As someone who oversees investments for clients, you want your recommendations to beat “the market,” which in Canada is the S&P/TSX composite index. To help do this, you should consider the many new stock indices that track different parts of the market or that provide benchmarks to measure the effectiveness of specific investment strategies.

Most of the new indices have been designed to be the bases for exchange-traded funds (ETFs) – although many are not tracked by a clone ETF.

TSX Inc., a subsidiary of Toronto-based TMX Group Ltd., and S&P Dow Jones Indices LLC have been busy creating new indices, launching two new ones in 2013, three in 2012, five in 2011 and five in 2010. (This excludes preferred-share indices and variations on existing or new indices.)

Beating the S&P/TSX composite index over the past couple of years was possible if you used any of three new indices. That’s because since yearend 2011, the S&P/TSX equal weight diversified banks index, the S&P/TSX 60 130/30 index and the S&P/TSX composite dividend index posted greater gains than the composite.

Admittedly, two years or so of market performance is either short or intermediate term. Still, the results do show that “the market” can be beaten.

Case in point: the S&P/TSX equal weight diversified banks index rose by 32.7% vs the S&P/TSX composite index’s 21.6% rise in the period from yearend 2011 to April 30, 2014.

The gain is even more impressive when the total-return versions of the indices (TRIV, in the TSX’s way of describing things) are used. By this measure, the banks index rose by 46.3% vs 30.4% for the composite index.

Mind you, the S&P/TSX TRIV indices should be viewed with caution: first, they ignore taxes on dividends reinvested; second, dividends are reinvested the day on which they are paid, which is difficult to do in real life.

The banks index is dead simple compared with others, being straightforward to replicate. So, for example, if you have $100,000 to invest in banks, you allocate one-sixth (or $16,700) to each of the six major Canadian banks. (In fact, there’s already an ETF out there that does that for you: BMO S&P/TSX Equal Weight Banks Index ETF, sponsored by BMO Asset Management Inc. of Toronto.)

The next best-performing index, the S&P/TSX 60 130/30 index, has no corresponding ETF. It has risen by 24.2% since yearend 2011, or by 34.2% on a dividend-reinvested total-return basis.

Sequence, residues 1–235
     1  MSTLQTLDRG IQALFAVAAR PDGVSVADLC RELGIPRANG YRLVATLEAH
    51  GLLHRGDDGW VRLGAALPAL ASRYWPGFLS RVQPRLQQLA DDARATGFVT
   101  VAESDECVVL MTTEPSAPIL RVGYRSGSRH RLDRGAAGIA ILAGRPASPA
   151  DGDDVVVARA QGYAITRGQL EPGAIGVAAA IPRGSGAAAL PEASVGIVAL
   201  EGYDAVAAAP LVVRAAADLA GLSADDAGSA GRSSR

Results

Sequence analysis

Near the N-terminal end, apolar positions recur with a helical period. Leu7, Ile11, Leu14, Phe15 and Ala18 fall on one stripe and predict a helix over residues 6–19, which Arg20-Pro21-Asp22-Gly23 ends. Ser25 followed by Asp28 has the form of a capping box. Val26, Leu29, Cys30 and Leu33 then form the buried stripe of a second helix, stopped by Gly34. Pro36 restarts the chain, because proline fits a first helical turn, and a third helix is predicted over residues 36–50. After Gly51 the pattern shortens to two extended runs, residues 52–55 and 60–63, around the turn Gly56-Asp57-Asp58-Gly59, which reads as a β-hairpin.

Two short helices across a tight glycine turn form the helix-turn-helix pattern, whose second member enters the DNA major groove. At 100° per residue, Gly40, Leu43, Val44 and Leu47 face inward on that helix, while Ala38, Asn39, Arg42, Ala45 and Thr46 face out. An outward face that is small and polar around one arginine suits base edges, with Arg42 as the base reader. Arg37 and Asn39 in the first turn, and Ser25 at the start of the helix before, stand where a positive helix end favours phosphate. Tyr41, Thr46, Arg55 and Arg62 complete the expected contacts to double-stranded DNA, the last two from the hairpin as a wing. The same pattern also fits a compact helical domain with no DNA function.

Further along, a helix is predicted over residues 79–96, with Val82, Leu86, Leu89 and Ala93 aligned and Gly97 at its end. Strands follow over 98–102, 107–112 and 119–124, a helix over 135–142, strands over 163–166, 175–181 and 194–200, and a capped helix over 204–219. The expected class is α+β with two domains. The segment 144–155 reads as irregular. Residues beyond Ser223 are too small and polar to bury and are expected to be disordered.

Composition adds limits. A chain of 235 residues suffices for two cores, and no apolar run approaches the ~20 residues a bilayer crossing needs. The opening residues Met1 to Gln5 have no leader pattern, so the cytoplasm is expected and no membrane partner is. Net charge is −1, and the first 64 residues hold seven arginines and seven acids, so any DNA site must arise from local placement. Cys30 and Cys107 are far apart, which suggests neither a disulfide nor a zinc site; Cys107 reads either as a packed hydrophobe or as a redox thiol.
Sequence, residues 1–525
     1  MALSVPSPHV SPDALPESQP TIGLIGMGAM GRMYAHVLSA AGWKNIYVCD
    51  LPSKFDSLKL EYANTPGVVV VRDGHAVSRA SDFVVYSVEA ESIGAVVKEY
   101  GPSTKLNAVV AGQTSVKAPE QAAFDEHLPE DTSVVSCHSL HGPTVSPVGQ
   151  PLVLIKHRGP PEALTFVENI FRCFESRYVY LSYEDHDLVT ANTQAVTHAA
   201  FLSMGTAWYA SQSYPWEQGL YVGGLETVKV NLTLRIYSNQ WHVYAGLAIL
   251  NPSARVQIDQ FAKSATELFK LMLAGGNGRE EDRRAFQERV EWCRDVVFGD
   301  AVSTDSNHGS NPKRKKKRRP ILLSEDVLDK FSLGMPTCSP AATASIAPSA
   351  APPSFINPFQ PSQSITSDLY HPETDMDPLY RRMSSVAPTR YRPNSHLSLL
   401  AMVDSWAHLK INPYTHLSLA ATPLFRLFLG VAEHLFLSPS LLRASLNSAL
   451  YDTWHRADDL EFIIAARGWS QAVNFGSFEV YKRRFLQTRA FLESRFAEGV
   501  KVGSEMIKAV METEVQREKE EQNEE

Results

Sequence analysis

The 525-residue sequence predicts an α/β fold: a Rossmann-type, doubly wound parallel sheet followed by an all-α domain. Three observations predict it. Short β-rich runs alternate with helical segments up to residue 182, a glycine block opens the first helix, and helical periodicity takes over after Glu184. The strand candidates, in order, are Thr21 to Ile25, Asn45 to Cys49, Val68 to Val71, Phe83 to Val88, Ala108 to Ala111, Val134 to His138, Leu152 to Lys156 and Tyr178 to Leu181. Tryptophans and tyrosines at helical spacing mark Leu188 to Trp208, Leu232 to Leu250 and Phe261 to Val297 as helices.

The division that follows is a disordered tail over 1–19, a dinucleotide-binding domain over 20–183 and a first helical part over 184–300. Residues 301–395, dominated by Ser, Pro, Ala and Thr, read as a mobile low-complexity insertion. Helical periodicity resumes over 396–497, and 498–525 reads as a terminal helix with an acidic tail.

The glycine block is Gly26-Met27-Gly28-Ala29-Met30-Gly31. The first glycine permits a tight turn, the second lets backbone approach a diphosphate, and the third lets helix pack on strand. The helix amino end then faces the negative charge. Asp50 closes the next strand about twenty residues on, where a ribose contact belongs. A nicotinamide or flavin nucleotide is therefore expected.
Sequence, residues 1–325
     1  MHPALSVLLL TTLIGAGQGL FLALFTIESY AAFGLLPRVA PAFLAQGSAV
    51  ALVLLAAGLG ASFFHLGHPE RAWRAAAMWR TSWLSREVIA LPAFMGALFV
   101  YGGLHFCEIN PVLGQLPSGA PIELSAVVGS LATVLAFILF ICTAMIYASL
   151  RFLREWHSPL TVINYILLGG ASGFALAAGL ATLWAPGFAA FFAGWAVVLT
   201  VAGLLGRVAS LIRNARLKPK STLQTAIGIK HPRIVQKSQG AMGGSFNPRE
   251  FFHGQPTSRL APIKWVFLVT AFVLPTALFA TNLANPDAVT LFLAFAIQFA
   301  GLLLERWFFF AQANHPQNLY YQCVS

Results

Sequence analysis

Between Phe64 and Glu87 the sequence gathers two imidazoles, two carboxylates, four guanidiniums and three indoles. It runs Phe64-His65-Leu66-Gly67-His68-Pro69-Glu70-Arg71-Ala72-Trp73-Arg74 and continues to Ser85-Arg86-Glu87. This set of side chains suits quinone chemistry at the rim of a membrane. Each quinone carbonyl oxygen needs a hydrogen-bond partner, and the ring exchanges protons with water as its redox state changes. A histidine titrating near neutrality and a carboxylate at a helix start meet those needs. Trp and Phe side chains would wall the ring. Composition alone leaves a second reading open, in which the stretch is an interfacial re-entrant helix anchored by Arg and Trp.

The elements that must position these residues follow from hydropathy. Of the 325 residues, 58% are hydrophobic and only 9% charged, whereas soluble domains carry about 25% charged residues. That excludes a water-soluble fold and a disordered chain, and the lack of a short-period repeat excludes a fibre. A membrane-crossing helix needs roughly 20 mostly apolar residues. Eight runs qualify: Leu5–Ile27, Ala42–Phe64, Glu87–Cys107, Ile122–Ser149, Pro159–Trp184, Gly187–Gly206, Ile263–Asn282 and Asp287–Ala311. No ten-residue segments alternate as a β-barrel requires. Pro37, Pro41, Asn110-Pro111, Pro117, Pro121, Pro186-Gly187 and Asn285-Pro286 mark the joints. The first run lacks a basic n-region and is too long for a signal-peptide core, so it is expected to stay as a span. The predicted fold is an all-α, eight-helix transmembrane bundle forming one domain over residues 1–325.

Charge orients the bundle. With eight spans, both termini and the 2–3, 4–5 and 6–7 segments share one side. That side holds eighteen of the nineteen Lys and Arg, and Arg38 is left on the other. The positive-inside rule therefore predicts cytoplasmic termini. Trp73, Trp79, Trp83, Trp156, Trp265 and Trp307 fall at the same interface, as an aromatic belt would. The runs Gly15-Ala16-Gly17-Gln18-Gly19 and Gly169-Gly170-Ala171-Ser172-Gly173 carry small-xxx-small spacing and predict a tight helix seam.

This index is a complex indexing product. Basically, it overweights 10 of the composite index’s largest 60 stocks, and underweights 10. “Quantamental” calculations do this, taking into account standard measurements, such as profitability, but also analysts’ estimates.

Of the 10 stocks currently overweighted, the top three are banks: Toronto-Dominion Bank, Royal Bank of Canada and Bank of Nova Scotia. In descending order, the remaining overweighted stocks are Enbridge Inc., Manulife Financial Corp., Telus Corp., Suncor Energy Inc., Crescent Point Energy Corp., Agrium Inc. and Canadian National Railway Co.

The most underweighted stock in the S&P/TSX 60 130/30 index is Saputo Inc., followed in order by Tim Hortons Inc., Imperial Oil Ltd., Agnico Eagle Miles Ltd., EnCana Corp., BlackBerry Ltd., Talisman Energy Inc., Kinross Gold Corp., Magna International Inc. and Barrick Gold Corp.

The third index to beat the S&P/TSX composite index is the S&P/TSX composite dividend index. This index is a subset of the composite index, consisting of stocks that pay regular dividends. It’s calculated in the same manner as the composite, on a capitalization-weighted basis.

Currently, the S&P/TSX composite dividend index contains 189 stocks. However, there is no ETF that clones this index. From yearend 2011 to April 30, this index rose by 22%, or 31.7% on a total-return basis.

Within a shorter time frame – the 16 months from yearend 2012 to April 30 – five S&P/TSX indices beat the S&P/TSX composite, which rose by 16.9% in this time span. Topping these outperformers is the S&P/TSX equal weight industrials index, which rose by 38.9%. This index began in 2012.

Trailing the industrial index is the S&P/TSX equal weight oil & gas index, which rose by 22.5%. This index also was introduced in 2012.

For the same period, the S&P/TSX equal weight diversified banks index rose by 20.1%, the S&P/TSX 60 130/30 index rose by 19.3% and the S&P/TSX completion index – a measure of mid-cap stocks – rose by 18.8%.

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